Sunday, May 20, 2012

The Ethics of Photoediting Revisited


Here is a photo from the early 1920s. It has several obvious defects. If you want a better view of the defects, you will need to click on the image. This image was made from a negative and inverted by using Adobe Photoshop. Here is a copy of the original negative.


Do we want the original photo, fingerprints and all? What about the light leak at the bottom of the image? Should that stay or not. The issue is that anytime you alter an original photograph, even to "improve" the quality, you are essentially re-writing history. If you had a painting made by one of your ancestors would you feel justified in touching up the painting to suit your present tastes and values?

There is no clear cut answer to the question. So where do you draw the line? Here is version one of the photo with some "improvements."


The changes may not be too apparent unless you enlarge the photo by clicking on it. I removed most of the fingerprints and defects in the sky portion. I think very few people would be bothered by these relatively minor changes. But what if I exercise some "artistic" liberty and change the photo even further. Here is another copy:


All sorts of good arguments could be made that this image is also faithful to the original and well within the bounds of ethical alteration. But aren't I getting a little bit too close to changing the original photo in an unacceptable manner? But you say, as long as you preserve the original what difference does it make, my relatives will be a lot happier with the changes. But you are making that judgment, not your relatives or anyone else. What if your relatives would actually prefer the unaltered version?

Well, I come this far. What if I make a few other minor changes. For example, the woman on the left is really not supposed to be there. She was the former wife of the man in the white shirt who no one in the family liked. If I show this picture to my relatives, they will have a fit.  (I am making all this up, I have no idea as to the identity of the people in the photo). But you can see the point. Here is my next altered photo:


What would stop me from taking out all of the people? Nothing really except a little bit longer time with Photoshop. Now before you get all huffy, how about knowing that photographers made these types of changes all the time, long before Photoshop was a gleam in Adobe's eye. How do I know? I have a huge collection of early 1900s and late 1800s photo negatives. I find a very high percentage of them were altered in the dark room. This included dodging, burning, and masking the negatives and adding in different details from another photo.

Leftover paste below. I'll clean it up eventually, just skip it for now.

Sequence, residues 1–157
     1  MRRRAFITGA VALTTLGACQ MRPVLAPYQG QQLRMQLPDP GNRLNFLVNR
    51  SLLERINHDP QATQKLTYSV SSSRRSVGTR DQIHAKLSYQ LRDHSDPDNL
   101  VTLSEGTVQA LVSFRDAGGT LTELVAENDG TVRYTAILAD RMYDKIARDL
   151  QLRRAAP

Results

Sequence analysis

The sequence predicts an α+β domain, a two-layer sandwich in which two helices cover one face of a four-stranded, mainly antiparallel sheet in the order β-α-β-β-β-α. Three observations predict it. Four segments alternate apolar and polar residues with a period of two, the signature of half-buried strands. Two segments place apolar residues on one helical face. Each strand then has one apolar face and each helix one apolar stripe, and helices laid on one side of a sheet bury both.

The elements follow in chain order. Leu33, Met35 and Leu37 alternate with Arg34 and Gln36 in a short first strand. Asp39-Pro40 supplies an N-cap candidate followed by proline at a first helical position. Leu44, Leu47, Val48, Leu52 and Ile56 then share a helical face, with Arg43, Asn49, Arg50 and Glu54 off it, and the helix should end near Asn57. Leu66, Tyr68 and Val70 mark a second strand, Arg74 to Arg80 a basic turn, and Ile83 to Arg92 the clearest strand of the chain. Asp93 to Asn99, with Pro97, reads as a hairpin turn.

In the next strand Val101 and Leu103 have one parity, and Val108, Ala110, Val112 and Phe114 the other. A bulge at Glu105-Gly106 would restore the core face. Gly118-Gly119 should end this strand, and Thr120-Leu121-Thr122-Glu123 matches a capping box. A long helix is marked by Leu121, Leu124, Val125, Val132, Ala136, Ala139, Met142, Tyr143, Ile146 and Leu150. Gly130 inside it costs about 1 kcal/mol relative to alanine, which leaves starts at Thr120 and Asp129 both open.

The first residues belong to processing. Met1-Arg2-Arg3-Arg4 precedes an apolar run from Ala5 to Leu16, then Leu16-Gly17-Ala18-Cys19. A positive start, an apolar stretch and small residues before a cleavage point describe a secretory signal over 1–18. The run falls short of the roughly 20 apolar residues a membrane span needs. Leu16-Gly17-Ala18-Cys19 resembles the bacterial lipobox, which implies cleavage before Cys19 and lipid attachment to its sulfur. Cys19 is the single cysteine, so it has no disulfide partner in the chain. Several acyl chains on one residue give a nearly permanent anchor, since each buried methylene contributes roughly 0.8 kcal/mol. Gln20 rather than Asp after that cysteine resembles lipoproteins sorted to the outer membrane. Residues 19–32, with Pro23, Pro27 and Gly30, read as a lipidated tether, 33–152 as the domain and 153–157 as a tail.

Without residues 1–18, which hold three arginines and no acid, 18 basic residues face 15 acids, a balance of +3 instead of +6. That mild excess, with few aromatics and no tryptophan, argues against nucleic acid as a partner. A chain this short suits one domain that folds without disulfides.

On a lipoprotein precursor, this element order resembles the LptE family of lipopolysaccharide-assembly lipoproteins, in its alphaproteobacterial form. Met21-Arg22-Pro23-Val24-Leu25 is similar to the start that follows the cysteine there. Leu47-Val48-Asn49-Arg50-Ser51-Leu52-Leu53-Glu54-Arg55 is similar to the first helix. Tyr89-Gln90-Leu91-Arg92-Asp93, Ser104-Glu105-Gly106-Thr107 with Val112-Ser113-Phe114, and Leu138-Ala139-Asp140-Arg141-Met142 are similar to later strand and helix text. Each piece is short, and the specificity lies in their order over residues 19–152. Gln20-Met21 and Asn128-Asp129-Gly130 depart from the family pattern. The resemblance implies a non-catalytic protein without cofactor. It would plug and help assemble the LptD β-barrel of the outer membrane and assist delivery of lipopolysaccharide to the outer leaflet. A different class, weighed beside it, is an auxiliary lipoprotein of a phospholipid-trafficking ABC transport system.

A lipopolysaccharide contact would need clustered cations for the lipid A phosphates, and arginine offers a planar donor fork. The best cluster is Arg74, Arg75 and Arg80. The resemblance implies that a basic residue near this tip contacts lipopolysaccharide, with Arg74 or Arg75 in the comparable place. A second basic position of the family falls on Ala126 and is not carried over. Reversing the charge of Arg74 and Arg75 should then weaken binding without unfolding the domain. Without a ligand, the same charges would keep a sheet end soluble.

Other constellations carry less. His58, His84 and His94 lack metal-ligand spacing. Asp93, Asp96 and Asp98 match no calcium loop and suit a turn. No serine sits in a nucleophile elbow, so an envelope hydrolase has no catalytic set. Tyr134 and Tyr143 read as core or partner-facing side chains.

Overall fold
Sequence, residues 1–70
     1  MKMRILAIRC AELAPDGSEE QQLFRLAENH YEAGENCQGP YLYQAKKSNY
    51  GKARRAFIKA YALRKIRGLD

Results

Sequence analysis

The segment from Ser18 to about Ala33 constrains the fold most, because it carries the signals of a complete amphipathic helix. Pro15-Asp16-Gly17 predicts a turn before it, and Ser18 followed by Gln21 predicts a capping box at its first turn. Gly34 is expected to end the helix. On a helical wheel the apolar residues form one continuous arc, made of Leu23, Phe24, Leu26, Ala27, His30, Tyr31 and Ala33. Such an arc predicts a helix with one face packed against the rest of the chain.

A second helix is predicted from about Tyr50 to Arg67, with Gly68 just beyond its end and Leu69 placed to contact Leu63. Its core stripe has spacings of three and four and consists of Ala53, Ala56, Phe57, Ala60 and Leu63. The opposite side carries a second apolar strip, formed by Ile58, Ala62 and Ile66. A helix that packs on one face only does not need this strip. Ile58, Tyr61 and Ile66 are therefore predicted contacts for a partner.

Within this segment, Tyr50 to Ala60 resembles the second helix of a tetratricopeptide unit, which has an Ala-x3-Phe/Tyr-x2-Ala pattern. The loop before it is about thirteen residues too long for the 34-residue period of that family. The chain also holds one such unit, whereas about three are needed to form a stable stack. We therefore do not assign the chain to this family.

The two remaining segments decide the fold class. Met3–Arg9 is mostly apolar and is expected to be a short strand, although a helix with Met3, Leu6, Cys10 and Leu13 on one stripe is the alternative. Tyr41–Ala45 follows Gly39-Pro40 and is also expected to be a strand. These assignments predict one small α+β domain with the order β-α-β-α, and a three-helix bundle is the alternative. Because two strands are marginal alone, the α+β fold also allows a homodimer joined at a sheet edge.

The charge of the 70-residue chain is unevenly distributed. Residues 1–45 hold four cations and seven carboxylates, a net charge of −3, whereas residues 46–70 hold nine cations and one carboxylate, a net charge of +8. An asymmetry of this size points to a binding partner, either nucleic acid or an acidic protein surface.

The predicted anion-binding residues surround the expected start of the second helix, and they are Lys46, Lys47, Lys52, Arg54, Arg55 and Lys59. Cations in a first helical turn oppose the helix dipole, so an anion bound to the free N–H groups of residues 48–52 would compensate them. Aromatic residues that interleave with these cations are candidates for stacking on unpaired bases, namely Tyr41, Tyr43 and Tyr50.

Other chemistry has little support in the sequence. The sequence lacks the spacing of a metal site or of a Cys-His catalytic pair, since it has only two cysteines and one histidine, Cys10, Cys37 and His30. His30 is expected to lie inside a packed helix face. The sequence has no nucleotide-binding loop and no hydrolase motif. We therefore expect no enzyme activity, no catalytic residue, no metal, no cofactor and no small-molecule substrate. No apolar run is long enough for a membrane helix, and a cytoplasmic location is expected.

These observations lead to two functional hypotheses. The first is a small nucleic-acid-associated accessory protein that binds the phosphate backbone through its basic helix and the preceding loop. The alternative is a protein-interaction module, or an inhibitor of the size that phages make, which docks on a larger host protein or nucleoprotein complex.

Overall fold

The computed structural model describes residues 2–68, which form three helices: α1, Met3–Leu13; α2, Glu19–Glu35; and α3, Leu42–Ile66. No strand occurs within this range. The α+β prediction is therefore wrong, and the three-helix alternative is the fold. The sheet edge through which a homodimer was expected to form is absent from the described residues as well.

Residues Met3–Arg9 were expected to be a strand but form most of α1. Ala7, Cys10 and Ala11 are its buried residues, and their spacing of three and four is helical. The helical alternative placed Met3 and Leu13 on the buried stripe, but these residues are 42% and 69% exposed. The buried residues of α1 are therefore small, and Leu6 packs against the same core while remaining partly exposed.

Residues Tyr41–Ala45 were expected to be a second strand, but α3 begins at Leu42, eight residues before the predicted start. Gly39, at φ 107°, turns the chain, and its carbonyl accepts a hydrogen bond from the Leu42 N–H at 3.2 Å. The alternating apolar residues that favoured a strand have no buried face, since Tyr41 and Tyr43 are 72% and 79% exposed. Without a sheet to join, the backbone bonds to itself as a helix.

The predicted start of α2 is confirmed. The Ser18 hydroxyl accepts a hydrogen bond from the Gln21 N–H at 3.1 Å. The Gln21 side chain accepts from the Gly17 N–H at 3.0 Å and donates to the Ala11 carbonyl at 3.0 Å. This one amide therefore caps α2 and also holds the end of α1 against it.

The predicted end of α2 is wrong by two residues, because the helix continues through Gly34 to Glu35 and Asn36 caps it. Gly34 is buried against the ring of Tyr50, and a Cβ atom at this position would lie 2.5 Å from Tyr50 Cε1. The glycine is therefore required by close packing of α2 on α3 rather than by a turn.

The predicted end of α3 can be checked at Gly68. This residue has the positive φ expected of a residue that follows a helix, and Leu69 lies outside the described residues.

Before you take a class in photo manipulation and start "improving" on old photos, maybe you should take some time to think through exactly where you stand on destructive editing. Up until my last edit, there are extremely good arguments for improving the damaged and poorly maintained old negative, but maybe you will decide that the original, no matter how "bad" it is, best conveys the message intended by this photographer from the past. 

3 comments:

  1. My stand is, that I want to have the photograph look as much as it did when it was first printed. That means that the subject should remain untouched, but anything that affected the print itself by aging, such as fading and discoloring, or by handling, such as scratches and dust, can be adjusted. That means NO recomposing, cropping or removing of subjects or elements.

    Thanks James, I always enjoy your blog posts, and Tech Tips.

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  2. Interesting, but IMNSHO, sure smacks of situational ethics. So ..... I can doctor an original document if I 'think' it is making it clearer?

    People all over scream that it is not proper to accept even a transcription of a document. But just because we can change a photo it is ok to do so?

    To me, if you want to change the original that you have, then you can do that in some photo album somewhere, not in any quality genealogy work.

    Doctored is doctored. Original is original.

    Scott

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  3. @Scott Phillips As I said, I'm against altering subjects in, or elements of the photograph itself, but if you're able to clarify something, what is stopping you? I can mess with contrast, saturation and hue on my monitor, does that mean I mess with the integrity of the websites I'm looking at? In the end, you're working with derivatives, not originals.

    Anyway, images on Ancestry.com can be enhanced for clarification, but it doesn't mean the information on the image changes, it just means the way you could interpret that information changes.

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